Ovaries



The pelvis contains two ovaries in the female, each measuring about 3 cm in length by 1 – 1.5 cm in width. Until the onset of puberty, they remain inactive, but then come to life, being stimulated by hormones called gonadotrophins produced by the pituitary gland. These start to act on the ovaries about two years before the menarche, the time when puberty occurs.
The gonadotrophins consist of two separate hormones. one called the follicle- stimulating hormone (FSH), and the other the luteinising hormone (LH). Both are necessary for the natural progression of ovulation that occurs each month. and pregnancy.
The ovaries contain a large number of Graafian follicles. Each menstrual month, under stimulation from FSH, one of these matures, comes to the surface of the ovary and ruptures in the process known as ovulation. The cavity left fills with fluid, and under the influence of both FSH and LH develops into a white organ called the corpus luteum, which itself starts to excrete a hormone called progesterone. The aim of this hormone is to prepare the uterus for a possible pregnancy. If pregnancy does not occur, the corpus luteum tends to atrophy after 10 days, but it persists for about seven months if pregnancy ensues.
FSH and LH are both produced by the anterior lobe of the pituitary, an endocrine gland located at the base of the brain. Both of these hormones may be measured by the modern methods of radioimmunoassay. They are in peak concentrations at the time of ovulation.
In the past gonadotrophins have been used in women with infertility problems. Their use has sometimes resulted in multiple foetuses in the resulting pregnancies. The use of these hormones for infertility has been largely replaced by bromocriptine that lowers plasma prolactin. a hormone known to prevent ovulation. With prolactin levels reduced, ovulation can return to normal and pregnancy ensue, if this was the basic cause of the infertility problem. LH is very similar to chorionic gonadotrophin, a hormone produced during pregnancy by the placenta (later the afterbirth).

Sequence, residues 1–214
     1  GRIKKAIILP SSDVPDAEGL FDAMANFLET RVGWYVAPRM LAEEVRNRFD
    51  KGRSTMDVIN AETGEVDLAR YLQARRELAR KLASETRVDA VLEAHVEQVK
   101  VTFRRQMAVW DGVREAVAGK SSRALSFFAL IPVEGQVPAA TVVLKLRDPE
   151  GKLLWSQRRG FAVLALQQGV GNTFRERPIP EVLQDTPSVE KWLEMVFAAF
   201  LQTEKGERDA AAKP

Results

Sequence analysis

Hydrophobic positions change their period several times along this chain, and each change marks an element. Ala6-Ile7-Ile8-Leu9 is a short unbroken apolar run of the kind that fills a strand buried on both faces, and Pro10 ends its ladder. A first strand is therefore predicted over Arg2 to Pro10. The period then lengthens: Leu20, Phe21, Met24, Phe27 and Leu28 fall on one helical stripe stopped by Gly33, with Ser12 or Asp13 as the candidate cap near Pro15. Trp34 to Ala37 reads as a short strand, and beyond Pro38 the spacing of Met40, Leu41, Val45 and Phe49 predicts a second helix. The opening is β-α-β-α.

This product can readily be measured in the urine of the pregnant woman. Indeed, most of the simple home  “do-it-yourself” immunochemical pregnancy tests depend on detecting this substance in the woman’s urine. It may be detected about six weeks after the last menstrual period in the event of pregnancy having become established. The ovary secretes important hormones itself.
Oestrogens arc produced by the ovary and corpus luteum in direct response to FSH and LH. Oestrone and oestradiol are the primary hormones, and they readily convert into oestrogen. Oestriol is a breakdown product of oestrogen, and has its main effect on the vagina and cervix, whereas oestrogen mainly acts on the uterus.
During pregnancy, oestriol is secreted, and its detection in the urine is a handy guide as to the efficiency of the placenta in carrying out its work. These hormones have confusing names,but although they are only of academic interest to the reader, they are very important in gynaecology and obstetrics, for they give excellent guidance to the obstetrician as to the progress of the pregnancy. Progesterone is secreted by the corpus luteum under stimulation from LH.
Progesterone has a depressive effect on the higher centres, and has often been incriminated for the common sensations of irritability and depression that trouble many women in the week or so prior to normal menstruation. It may also increase the risk of attacks in epileptics, and even bouts of kleptomania or suicide in susceptible women.
Fortunately, medication is now able to overcome most of these problems. It is also responsible for the outcropping of acne and facial pimples that is notorious at this time, and complained about most volubly by teenage girls. Although the contraceptive pill will often reduce the mental changes, it will tend at the same time to make the skin problems worse, particularly if the pill has a fairly high level of progesterone.
Tests for ovarian function are possible. The vaginal smear takes cells from the upper walls of the vagina, and shows a typical pattern if hormonal secretions are normal or otherwise. The urine may be checked for the metabolites (breakdown products) of oestrogen. The cervical mucus can be examined, and cells will show a typical pattern if hormonal secretions are normal. Similar tests are available for a check on progesterone secretion, the pregnanediol test, and others.
Often taking scrapings from the walls of the uterus (as during a D and C examination) can also yield valuable information on the hormonal levels of the ovaries.